In some cases the kinetic energy is too large to be stored in the plate spring 8. In such case the magnet holder 17 will alternating transfer the excess kinetic energy to a limiting spring 2, or 3. In the shown case of FIG. 1 the limiting spring 2 that receives the kinetic energy and stores that as potential energy and resend this energy into the moving parts of the AMPG device 1. This use of limiting springs 2,3 with a equal or higher spring constant has proven to be very favorable when it comes to generation of electrical energy in a AMPG device such as the one provided in FIG. 1.

In an alternative embodiment schematically shown in FIG. 1A, of the AMPG device of FIG. 1, the single bobbin is exchanged with three separate bobbins 9a-c. One of the bobbins 9b is without μ-metal core and is positioned in the center of oscillating path of the moving mass, equal to the position of equilibrium of the moving mass when not moving. The other two bobbins are equipped with k-metal cores in the same way as shown in FIG. 1. The bobbins 9a, 9c with cores 6a, 6c are located at each end of the oscillating path of the moving mass. This type of embodiment will cover a wider spectrum of amplitudes and a wider spectrum of frequencies.

In an alternative embodiment, not shown, of the AMPG device of FIG. 1, is the point 15 the only attachment point. The said point 15 is attached in a hinged manner for example with an axis in a bearing or in another known way. By the said point 15 acting as a hinge the whole AMPG device 1 is arranged to be movable in a circle sector manner up to a limiting sector support. This means an acceleration component with low frequency can move essentially the total mass of the AMPG device and transform the acceleration to a higher frequency with regard to internally moving parts. The whole AMPG device will then in a clattering manner transform said acceleration component into mechanical energy altering between kinetic energy, potential energy and finally transformed to electrical energy. The size of these energies will of course be affected by a minimized amount of losses such as friction, internal friction, heat and magnetic flux losses.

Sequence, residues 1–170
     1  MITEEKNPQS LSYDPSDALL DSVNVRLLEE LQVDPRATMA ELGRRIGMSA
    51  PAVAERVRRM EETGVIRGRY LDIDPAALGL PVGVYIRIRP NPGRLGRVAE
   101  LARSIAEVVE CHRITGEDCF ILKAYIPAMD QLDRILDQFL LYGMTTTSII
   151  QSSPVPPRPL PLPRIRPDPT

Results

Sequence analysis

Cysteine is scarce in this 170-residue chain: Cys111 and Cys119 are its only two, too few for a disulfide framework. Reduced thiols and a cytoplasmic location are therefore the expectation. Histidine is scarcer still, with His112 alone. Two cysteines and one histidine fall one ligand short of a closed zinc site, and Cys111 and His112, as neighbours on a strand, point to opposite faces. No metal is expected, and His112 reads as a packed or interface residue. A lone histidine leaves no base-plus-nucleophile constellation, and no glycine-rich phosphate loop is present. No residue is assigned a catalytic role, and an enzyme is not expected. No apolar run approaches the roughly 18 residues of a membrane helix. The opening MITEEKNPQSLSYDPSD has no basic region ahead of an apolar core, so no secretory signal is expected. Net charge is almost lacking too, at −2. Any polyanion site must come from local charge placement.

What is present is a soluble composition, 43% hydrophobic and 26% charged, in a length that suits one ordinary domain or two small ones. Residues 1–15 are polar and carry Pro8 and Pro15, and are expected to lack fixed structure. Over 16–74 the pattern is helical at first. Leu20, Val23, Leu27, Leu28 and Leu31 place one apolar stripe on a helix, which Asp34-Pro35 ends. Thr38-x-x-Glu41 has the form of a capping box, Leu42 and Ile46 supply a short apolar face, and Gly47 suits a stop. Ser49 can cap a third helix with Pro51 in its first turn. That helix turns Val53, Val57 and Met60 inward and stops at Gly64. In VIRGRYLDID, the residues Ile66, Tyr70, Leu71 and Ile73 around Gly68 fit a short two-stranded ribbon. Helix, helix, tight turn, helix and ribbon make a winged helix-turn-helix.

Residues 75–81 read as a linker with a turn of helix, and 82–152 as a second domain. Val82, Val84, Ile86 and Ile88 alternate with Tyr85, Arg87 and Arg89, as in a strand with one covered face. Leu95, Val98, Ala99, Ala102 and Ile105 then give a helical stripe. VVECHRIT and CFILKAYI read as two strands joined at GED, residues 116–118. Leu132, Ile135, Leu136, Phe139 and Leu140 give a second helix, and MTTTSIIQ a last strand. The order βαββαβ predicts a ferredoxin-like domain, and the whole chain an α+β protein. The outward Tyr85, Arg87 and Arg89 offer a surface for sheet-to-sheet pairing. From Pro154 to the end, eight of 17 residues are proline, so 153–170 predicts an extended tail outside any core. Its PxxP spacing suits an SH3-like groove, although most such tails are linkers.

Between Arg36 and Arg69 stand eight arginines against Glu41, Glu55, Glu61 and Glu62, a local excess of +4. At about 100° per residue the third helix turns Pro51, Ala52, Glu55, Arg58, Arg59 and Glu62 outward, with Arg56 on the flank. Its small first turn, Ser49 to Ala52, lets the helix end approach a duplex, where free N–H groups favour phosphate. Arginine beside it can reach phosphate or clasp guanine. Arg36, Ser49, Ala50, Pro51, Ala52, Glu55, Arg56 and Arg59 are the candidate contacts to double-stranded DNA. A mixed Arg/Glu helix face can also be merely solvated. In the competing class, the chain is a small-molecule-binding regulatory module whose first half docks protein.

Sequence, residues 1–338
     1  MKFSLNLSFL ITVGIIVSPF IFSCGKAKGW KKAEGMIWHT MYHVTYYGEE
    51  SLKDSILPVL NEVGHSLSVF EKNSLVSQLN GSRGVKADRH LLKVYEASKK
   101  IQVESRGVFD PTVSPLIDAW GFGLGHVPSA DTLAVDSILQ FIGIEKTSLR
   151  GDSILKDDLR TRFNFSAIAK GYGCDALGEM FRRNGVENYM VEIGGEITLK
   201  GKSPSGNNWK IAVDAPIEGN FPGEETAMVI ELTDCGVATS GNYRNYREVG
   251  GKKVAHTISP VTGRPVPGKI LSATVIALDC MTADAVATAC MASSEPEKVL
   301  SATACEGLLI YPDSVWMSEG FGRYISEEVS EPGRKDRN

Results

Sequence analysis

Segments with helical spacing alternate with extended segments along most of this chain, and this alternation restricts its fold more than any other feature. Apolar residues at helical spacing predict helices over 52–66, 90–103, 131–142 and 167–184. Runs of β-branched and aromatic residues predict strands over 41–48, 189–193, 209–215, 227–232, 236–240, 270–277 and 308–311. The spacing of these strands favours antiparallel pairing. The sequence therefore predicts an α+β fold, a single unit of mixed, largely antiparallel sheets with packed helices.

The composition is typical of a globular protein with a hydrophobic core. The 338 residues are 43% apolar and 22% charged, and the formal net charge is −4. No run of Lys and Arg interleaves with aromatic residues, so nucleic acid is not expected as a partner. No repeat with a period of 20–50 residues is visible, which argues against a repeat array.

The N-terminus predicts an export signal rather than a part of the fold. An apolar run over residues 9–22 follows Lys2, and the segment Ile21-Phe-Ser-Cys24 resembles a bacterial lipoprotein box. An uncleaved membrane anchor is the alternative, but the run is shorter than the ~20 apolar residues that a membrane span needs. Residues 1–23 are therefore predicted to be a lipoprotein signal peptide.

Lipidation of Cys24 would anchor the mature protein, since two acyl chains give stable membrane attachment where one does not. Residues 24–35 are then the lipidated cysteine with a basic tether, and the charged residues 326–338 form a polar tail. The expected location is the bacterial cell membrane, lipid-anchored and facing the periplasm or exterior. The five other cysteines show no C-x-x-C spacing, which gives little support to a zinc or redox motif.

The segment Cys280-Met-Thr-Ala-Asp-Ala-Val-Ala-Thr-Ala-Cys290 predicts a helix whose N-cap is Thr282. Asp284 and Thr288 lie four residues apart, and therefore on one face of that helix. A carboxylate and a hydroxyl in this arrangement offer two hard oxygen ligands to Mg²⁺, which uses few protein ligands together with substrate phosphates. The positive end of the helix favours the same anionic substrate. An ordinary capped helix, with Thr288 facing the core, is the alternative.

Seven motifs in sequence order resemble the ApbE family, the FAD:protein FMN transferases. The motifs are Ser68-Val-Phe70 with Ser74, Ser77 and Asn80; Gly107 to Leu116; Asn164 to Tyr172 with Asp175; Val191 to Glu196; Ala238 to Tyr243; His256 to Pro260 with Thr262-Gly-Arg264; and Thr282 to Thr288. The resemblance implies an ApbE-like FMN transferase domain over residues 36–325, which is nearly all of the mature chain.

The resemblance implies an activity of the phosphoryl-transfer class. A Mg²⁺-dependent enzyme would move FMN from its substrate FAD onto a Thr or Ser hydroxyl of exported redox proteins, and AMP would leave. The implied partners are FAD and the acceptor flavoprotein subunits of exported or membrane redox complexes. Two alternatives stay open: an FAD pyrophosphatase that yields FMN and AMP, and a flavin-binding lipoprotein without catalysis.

In a further alternative embodiment, shown schematically in FIG. 1B, of the AMPG device 1 of FIG. 1, said device is provided in a form where the base connected to the moving parts and the bobbin with the μ-metal core and the limiting springs 2′ are directly mounted on a printed circuit board 700. In this case the cover can be left out. The limiting springs 2′ can optionally be in the form of rubber cloths springs or plate springs as shown in FIG. 2. The limiting springs 2′ in the FIG. 1B have been left out on two of the shown devices for a better view, but it should be understood that they are normally present. This kind of embodiment is suitable to be miniaturized and multiplied. A plurality of these AMPG devices of this embodiment can by advantage be mounted directly on a printed circuit board, for adaptation to desired amount of electrical energy and to use all available empty space on the printed circuit board. Optionally they are mounted in different directions for collecting acceleration components of different directions.